I would caution, however, that building AI systems is hard. There is no one-size-fits-all solution, and much knowledge engineering and AI expertise goes into tailoring an AI solution for a given domain. Just like the early days of the computing and digitization revolution, companies should be prepared to invest in AI talent and consult with experts on their AI needs and road-map.
Another field of AI which is enjoying a lot of attention is conversational systems. This started with the success of Siri, but many companies are interested in chat-bots as a new way to interact with their customers.
My word of caution here is that, ever since Eliza, it has been easy to fool people to think that a conversational system is much smarter than it really is, and considering these systems as a substitute for humans has proven a challenge.
What is the biggest challenge that you face in your career?
So much to do, so little time!
Could you share with us some of your ongoing work in your areas of interest, present some of the opportunities and challenges in these areas, and forecast some future directions and possibilities?
One fascinating and widely applicable area we are focused on is Black-box Optimization through surrogate modeling, where a model of the real world application domain is built, typically using Deep Learning, and then repeatedly interrogated, using evolutionary computation, in order to construct a decision making solution. The solutions are then tried out in the real world, and the outcomes help improve the original model. This is especially effective for systems where experimenting in the real world is expensive or time consuming, and so, effectively, the AI is driving the data collection process in an intelligent way. This approach is applicable to fields as diverse as Cyber-Agriculture, and optimizing software development, testing and maintenance processes.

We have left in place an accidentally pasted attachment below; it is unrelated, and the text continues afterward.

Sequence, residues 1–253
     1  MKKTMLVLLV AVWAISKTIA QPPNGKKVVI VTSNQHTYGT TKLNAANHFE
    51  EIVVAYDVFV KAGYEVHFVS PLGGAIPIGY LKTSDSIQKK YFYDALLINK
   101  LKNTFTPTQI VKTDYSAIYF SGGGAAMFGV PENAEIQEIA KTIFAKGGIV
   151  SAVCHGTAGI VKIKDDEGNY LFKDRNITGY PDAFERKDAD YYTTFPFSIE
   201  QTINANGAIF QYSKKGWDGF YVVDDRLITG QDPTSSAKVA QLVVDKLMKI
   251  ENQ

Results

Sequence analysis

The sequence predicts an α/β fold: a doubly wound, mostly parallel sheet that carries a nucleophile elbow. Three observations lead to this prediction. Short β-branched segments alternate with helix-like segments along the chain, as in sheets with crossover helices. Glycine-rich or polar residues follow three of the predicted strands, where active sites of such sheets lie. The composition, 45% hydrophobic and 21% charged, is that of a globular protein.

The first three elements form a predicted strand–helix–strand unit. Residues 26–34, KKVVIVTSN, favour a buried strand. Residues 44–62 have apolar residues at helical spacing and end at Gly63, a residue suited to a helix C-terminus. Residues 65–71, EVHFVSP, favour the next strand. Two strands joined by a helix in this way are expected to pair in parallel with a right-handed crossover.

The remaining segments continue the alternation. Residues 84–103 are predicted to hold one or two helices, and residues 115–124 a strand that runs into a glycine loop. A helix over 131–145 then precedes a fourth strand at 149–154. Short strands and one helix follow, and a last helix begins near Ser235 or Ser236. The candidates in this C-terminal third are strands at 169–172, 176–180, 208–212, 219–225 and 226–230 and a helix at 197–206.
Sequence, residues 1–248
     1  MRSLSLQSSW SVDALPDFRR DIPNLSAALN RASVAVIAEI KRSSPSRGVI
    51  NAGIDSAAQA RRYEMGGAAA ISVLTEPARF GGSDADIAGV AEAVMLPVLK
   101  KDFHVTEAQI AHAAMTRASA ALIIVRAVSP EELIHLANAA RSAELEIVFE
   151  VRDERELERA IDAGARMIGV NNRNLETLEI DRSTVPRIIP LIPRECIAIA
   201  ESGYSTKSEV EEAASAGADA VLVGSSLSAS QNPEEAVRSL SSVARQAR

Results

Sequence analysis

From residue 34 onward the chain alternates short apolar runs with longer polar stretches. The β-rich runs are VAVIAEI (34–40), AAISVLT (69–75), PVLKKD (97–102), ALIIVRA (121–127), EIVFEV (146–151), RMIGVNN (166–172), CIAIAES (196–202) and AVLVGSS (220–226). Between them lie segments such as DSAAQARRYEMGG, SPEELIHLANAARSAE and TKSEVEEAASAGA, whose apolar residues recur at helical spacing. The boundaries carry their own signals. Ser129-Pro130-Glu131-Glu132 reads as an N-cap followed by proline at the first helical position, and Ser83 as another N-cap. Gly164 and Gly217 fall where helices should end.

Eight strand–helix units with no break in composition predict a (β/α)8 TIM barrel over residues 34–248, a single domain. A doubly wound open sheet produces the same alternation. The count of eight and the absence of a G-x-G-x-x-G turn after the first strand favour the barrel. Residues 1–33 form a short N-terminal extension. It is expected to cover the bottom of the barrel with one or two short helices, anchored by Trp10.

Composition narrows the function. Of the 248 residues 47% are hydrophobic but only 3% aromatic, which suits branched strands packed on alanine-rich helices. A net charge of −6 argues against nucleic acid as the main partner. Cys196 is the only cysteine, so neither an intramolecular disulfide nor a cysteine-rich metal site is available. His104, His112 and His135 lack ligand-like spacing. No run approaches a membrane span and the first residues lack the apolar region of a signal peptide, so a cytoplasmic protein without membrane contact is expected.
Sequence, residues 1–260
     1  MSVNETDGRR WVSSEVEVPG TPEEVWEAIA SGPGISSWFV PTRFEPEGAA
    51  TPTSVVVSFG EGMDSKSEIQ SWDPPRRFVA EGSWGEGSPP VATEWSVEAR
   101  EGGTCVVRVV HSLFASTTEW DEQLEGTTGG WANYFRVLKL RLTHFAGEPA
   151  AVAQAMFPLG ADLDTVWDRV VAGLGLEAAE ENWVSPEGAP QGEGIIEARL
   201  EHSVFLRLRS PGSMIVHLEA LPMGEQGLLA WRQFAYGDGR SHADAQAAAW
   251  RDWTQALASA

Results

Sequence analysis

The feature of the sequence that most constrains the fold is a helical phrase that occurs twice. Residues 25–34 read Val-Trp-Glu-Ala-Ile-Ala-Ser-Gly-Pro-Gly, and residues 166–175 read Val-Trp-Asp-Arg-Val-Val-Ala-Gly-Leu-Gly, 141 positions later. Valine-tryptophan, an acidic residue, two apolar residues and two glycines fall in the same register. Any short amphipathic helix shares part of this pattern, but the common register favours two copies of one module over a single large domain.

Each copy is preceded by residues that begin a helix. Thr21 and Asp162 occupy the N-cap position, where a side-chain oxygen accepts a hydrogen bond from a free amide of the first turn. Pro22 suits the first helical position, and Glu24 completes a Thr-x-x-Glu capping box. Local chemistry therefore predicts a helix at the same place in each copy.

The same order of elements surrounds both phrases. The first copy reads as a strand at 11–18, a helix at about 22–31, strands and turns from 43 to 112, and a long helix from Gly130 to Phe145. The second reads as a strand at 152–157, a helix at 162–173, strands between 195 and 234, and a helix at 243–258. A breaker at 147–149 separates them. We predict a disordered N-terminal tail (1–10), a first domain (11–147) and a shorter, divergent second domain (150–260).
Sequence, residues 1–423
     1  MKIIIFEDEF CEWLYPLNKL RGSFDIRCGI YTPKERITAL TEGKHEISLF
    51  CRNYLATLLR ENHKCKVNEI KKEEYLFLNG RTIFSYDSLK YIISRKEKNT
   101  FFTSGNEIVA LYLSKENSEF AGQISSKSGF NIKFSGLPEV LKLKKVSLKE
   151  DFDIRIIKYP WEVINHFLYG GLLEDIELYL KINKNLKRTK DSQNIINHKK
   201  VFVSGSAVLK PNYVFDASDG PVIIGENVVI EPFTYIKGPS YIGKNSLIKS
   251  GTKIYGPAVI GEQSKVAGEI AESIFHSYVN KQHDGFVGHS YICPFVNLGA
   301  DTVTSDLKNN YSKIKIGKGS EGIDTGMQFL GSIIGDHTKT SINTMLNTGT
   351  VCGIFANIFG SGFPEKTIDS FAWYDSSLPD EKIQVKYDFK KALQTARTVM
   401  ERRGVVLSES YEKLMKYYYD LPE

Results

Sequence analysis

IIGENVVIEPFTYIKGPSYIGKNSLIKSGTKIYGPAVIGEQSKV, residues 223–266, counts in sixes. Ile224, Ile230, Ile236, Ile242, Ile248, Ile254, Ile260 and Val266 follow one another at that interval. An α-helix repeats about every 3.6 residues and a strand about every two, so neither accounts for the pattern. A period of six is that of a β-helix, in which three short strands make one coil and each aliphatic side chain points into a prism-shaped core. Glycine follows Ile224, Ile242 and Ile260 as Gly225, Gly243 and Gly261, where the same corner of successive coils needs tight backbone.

Another area of interest has to do with automatically engineering and designing Deep Learning solutions, using a different AI technique called Evolutionary Computation. Building elaborate deep learning systems for different domains is hard work and often takes many PhD-months. Evolutionary AutoML, as this technique is called, is analogous to having AI design the AI.